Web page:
HomechevronRightAlstroemeria Guide


Upside down leaves and brightly coloured blooms; these are the characteristics that make the alstroemeria such a distinctive and interesting flower. Sometimes mistaken for miniature lilies, the alstroemeria can be easily recognised by the dark markings in their trumpet shaped heads and yellow throats.


The Alstroemeria has a host of spiritual interpretations, from devotion and friendship to the achievement of aspirations; making it the perfect good luck gift or token of companionship.

Alstroemeria are full of symbolism and carry different meanings in different cultures. They are typically seen as a symbol of grace, purity, majesty and honour.

According to the Victorian language of flowers, receiving a sweet-scented alstroemeria told you that you were beloved. Their transient beauty also makes them a thoughtful choice to express condolence at a time of sorrow.



If you've ever heard the alstroemeria called an Inca or Peruvian lily this is a reference to its natural habitat in the cool mountain regions of Chile, Brazil and Peru.

The flower was first discovered in the 18th century by the Swedish botanist Baron Von Alströmer who introduced it to Europe. The alstroemeria proved to be very popular owing both to its multitude of colours and long vase life as a cut flower.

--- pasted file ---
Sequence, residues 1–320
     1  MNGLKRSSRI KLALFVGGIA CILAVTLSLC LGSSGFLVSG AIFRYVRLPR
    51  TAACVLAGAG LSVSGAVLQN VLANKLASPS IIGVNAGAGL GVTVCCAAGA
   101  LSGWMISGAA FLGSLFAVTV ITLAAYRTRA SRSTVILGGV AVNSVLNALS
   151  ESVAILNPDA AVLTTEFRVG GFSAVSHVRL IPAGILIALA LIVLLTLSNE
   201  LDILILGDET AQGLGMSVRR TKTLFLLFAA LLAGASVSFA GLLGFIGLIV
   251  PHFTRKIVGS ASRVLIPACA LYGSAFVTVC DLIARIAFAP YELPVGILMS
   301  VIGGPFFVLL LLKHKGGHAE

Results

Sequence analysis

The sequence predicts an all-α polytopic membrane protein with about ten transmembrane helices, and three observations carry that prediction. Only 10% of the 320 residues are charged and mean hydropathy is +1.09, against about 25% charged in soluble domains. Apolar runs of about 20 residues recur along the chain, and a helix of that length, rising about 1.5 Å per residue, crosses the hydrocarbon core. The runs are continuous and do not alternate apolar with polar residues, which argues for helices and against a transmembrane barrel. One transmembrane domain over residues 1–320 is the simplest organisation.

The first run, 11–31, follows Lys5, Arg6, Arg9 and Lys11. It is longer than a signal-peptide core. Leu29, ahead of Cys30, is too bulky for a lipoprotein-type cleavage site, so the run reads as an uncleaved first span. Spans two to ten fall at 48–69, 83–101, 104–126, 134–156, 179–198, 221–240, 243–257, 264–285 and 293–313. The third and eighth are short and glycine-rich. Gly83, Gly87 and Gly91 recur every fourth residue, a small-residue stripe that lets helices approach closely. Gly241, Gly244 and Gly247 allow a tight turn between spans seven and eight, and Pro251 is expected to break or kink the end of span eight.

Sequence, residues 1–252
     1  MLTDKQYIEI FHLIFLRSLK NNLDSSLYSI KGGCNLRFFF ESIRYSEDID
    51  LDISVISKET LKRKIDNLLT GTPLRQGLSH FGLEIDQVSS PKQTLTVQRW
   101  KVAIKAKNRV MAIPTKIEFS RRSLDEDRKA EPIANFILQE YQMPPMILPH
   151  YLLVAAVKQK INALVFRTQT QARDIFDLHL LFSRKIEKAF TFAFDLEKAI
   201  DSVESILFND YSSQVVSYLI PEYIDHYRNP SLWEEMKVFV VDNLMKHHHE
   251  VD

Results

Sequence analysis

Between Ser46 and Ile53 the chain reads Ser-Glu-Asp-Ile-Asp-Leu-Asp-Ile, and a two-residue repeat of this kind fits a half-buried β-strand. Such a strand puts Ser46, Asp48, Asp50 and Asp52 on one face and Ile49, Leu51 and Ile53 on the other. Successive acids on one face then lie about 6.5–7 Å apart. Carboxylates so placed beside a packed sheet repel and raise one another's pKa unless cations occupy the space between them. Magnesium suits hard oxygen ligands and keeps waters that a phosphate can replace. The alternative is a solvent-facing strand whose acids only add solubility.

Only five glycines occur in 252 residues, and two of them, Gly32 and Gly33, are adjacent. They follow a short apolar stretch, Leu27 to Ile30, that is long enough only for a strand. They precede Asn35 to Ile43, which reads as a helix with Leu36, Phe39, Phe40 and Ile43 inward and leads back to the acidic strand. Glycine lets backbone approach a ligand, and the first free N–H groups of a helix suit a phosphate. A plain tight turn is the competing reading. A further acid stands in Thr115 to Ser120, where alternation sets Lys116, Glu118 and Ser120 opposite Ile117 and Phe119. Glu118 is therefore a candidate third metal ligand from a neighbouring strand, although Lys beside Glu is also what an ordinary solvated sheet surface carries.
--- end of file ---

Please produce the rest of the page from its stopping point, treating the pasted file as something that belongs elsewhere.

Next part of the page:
Scientific name: Alstroemeria.
Common name: Peruvian lily, Ulster Mary or Inca lily.

Family: Alstroemeriaceae.
Availability: All year round.

Vase life: Approx. 7-14 days
Colour range: All colours except blue and green.



These beautiful flowers are quite interesting too. Here's a few things you probably didn't know about Alstroemeria:

  • The leaves on the stem grow upside down; there seems to be no definitive explanation as to why this is.

  • Alstroemeria seeds can take anywhere from a few weeks to an entire year to germinate.

  • The main stems can grow up to 3 feet in length.


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Alstroemeria is a particularly useful flower for filling out large pedestal arrangements and is a particular favourite of florists during the summer months when they're at their strongest and can be used a lot more creatively. It is not uncommon for people to be allergic to this beautiful bloom so it may be preferable to avoid hand-tied arrangements so to not add any unnecessary stress to your special day.


Alstroemeria is a great choice of flower for wedding arrangements as they have staying power and come in so many colours, you can mix and match until you heart is content. If having British grown blo

Karen Barnes



As Alstroemeria are such wonderful flowers, you'll want them to last as long as possible. Here's how to get the most from your Alstroemeria flowers:

  • Re-cut stems at an angle and remove any leaves that may sit underneath the waterline when placed in a vase. The removal of leaves from the stem encourages water to go towards the flower head.

  • Fill a clean vase with cool water and add flower food before placing in your flowers.

  • Change the water every 3-4 days, trimming the stems each time.

  • For best results, display alstroemeria in cool shady spot. Avoid proximity to ripening fruit or positioning in direct sunlight.

  • Alstroemeria can cause an allergic reaction in some people.


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